Preparation, not Panic: What you can do to prevent the spread of Coronavirus
With the World Health Organization proclaiming the COVID-19 outbreak as an official pandemic, and states across the country declaring a state of emergency, it is an understandably frightening and confusing time. But as more individuals are being tested across Wisconsin and confirmed cases are likely to rise, it’s crucial we all take this seriously.
Schools are closing, sporting events are being canceled and we’re being asked to opt-out of social gatherings and even stay home from work. If you’re frustrated, you’re not alone. But it’s important to understand that these precautions are being taken for a reason. In a global health crisis like this, it’s not just ourselves that we’re looking out for. It is the elderly, those with pre-existing conditions and our health care workers we need to be thinking about.
While it’s true that COVID-19, better known as coronavirus, likely poses little risk to those who are young and healthy, it’s hitting elderly people and those with chronic health conditions particularly hard. By taking the recommended steps – washing your hands, covering your mouth when you sneeze or cough, and staying home when you’re sick – you can help prevent the spread and protect your loved ones who may be more vulnerable to this illness. Although it may disrupt your life temporarily, practicing social distancing, avoiding gatherings of more than 250 people and limiting non-essential travel is crucial to containing the virus, and it’s the fastest track to getting things back to normal.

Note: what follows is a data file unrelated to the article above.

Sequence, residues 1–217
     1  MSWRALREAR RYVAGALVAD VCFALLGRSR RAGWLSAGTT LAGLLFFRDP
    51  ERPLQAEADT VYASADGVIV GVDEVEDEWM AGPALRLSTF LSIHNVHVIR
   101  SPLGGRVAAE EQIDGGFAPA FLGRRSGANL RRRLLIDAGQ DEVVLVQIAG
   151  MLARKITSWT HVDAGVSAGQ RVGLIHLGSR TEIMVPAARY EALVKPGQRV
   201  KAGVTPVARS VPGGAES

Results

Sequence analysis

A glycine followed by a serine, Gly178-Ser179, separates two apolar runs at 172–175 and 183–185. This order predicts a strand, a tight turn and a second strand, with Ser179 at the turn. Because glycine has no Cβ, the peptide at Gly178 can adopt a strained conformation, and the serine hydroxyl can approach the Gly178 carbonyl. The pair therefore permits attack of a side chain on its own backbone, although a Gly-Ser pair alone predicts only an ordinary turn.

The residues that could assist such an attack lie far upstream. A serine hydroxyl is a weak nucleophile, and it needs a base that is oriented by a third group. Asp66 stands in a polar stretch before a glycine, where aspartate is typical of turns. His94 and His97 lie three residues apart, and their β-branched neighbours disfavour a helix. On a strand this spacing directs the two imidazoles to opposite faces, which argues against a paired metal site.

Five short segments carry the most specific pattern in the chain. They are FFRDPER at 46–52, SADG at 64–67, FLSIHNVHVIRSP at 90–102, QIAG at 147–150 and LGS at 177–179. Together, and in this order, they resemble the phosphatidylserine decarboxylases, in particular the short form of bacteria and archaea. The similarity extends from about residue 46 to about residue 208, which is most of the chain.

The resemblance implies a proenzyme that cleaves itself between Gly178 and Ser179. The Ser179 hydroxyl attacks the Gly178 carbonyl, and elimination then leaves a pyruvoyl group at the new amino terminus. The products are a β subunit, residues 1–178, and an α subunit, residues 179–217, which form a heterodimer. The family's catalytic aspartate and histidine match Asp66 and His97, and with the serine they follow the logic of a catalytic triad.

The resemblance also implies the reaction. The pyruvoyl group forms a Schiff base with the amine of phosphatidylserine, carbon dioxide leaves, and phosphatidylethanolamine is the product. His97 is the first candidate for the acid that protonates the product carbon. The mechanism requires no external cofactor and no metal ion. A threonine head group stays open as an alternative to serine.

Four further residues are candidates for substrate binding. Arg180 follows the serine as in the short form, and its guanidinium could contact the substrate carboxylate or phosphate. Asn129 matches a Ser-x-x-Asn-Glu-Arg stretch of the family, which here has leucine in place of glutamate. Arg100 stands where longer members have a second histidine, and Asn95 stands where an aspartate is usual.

If you’re still tempted to keep on living as if nothing has changed, consider this: If we do not work together to contain the coronavirus to the best of our ability, our hospitals, clinics and health care workers will become far too overwhelmed to provide the necessary care to all those who become affected. The goal is to prevent a major spike of cases past our health care system’s ability to keep up, consequently lowering the number of deaths across the country.
However, all this being said, it’s equally important not to panic. With misinformation swirling around the internet and a lack of a comprehensive understanding about this novel disease, it’s easy to work yourself up, or dismiss the severity all together. Be sure to get your information from a reputable source such as the Department of Health Services (DHS) or the Center for Disease Control (CDC), and stay up-to-date on this ever-changing situation.
No matter what you do, think about our state’s most vulnerable citizens – your co-worker’s child who is battling Leukemia, your friend with diabetes or your elderly parents and grandparents – before making any decisions that would result in you interacting with others.
Protect yourself, protect your loved ones and remain positive that we can get through this together as a state, as a nation, and as a world.
*This column was written on March 13, 2020. Recommended precautions may change as the situation evolves and more information about COVID-19 becomes known. Be vigilant about staying up-to-date by visiting the Wisconsin DHS website.